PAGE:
Last year was downright biblical when it came to weather and climate disasters — particularly in the United States

By Tom Yulsman | January 15, 2018 7:09 pm

North America on Aug. 25, 2017, as seen by the GOES-16 weather satellite. Hurricane Harvey is seen along the Texas Gulf Coast toward the bottom middle of the image. And above the Great Lakes, smoke from wildfires is drifting across a large swath of Canada. (Source: RAMMB/SLIDER)

I’m a bit late to this story, but it’s significant enough that I didn’t want to let it pass by without posting something about it. The long and short of it is this: 2017 truly was a horrific year for weather and climate disasters, both in the United States and the world as a whole.

Floods, tornadoes, hurricanes, drought, fires and freezes in the United States claimed at least 362 lives and injured many more in 2017. In total, the nation experienced 16 weather and climate disasters with losses exceeding $1 billion, tying 2011 for most in a single year, according to an analysis by the National Oceanic and Atmospheric Administration.

Total costs from these disasters amounted to $306 billion. That set a new U.S. annual record, beating out 2005, the year of hurricanes Katrina, Wilma and Rita.

Since 1980, the United States has sustained 219 weather and climate disasters with costs reaching or exceeding $1 billion each. Collectively, these 219 events have cost the country more $1.5 trillion.

Globally, losses from weather and climate disasters also set a new record in 2017, according to Munich Re, one of the world’s leading reinsurance companies. Insured losses were almost three times higher than the average of $49 billion. The U.S. share of global losses in 2017 was particularly high: half of the global total, as compared to the long-term average of 32 percent.

“For me, a key point is that some of the catastrophic events, such as the series of three extremely damaging hurricanes, or the very severe flooding in South Asia after extraordinarily heavy monsoon rains, are giving us a foretaste of what is to come,” says Torsten Jeworrek, Munich Re Board member responsible for global reinsurance business. “Because even though individual events cannot be directly traced to climate change, our experts expect such extreme weather to occur more often in future.”

According to NOAA’s analysis, some of the more noteworthy weather and climate disasters in the United States included . . .

The billion-dollar weather and climate disasters that occurred in 2017. (Source: NOAA NCEI)

Billion-dollar weather and climate disasters of 2017. (Source: NOAA NCEI)

. . . the western wildfire season, with total costs of $18 billion, tripling the previous U.S. annual wildfire cost record. Hurricane Harvey had total costs of $125 billion, second only to Hurricane Katrina in the 38-year period of record for billion-dollar disasters. Hurricanes Maria and Irma had total costs of $90 billion and $50 billion, respectively. Hurricane Maria now ranks as the third costliest weather and climate disaster on record for the nation and Irma ranks as the fifth costliest.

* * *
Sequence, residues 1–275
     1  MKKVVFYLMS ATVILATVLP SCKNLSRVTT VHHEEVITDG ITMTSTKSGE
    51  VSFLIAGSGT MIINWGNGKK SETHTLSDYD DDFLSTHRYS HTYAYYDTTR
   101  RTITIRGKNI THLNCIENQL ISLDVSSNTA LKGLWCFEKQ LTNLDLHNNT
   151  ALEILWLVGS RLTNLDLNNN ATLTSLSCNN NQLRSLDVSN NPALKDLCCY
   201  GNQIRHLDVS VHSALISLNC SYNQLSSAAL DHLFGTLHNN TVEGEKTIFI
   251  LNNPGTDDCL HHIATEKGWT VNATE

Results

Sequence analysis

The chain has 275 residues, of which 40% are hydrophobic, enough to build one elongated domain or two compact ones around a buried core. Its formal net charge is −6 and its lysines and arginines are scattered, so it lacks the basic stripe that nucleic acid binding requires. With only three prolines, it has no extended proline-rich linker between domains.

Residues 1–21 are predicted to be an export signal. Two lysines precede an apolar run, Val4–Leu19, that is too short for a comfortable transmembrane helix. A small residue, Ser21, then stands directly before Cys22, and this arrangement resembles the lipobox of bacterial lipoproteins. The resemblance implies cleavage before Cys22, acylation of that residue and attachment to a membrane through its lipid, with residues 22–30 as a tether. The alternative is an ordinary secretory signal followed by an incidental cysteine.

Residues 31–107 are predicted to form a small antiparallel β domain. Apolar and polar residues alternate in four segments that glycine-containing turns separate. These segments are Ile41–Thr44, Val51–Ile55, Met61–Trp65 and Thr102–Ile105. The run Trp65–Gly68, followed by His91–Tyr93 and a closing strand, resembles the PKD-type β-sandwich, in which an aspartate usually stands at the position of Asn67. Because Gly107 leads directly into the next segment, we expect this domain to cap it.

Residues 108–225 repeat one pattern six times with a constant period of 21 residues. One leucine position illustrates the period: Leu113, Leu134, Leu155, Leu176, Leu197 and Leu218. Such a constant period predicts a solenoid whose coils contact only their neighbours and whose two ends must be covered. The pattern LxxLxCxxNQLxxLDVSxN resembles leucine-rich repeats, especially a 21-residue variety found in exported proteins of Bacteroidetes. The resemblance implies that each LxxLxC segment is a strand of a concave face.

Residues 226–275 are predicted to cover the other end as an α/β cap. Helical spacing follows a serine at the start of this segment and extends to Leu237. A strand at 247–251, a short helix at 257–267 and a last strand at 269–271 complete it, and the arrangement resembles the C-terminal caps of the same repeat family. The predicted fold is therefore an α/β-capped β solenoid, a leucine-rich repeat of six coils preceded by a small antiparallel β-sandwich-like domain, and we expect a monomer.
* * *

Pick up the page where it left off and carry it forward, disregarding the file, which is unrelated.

If you’re wondering about about the meaning of “weather and climate disasters,” I did too. So I asked Derek “Deke” Arndt, head of the Monitoring Branch of NOAA’s National Centers for Environmental Information. Here is his response:

We include weather and climate disasters together, because some of the events can be sufficiently long term to be called climate; by their multi-month or seasonal nature, they fit into the climate variability timescale.

Drought, in particular, can occur over climate timescales, and also seasonal recurring wildfire. Even weather events like hurricanes have elements of longer-term climate change in their impact. Sea level rise that enhances storm surge is a good example of this.

NOAA’s analysis also found that 2017 in the United States was the third warmest year in 123 years of record-keeping. That means that the five warmest years on record for the country all have occurred since 2006. And for the third consecutive year, every state across the contiguous United States and Alaska experienced above-average annual temperatures.



ImaGeo is a visual blog focusing on the intersection of imagery, imagination and Earth. It focuses on spectacular visuals related to the science of our planet, with an emphasis (although not an exclusive one) on the unfolding Anthropocene Epoch.

About Tom Yulsman

Tom Yulsman is Director of the Center for Environmental Journalism and a Professor of Journalism at the University of Colorado, Boulder. He also continues to work as a science and environmental journalist with more than 30 years of experience producing content for major publications. His work has appeared in the New York Times, Washington Post, Audubon, Climate Central, Columbia Journalism Review, Discover, Nieman Reports, and many other publications. He has held a variety of editorial positions over the years, including a stint as editor-in-chief of Earth magazine. Yulsman has written one book: Origins: the Quest for Our Cosmic Roots, published by the Institute of Physics in 2003.


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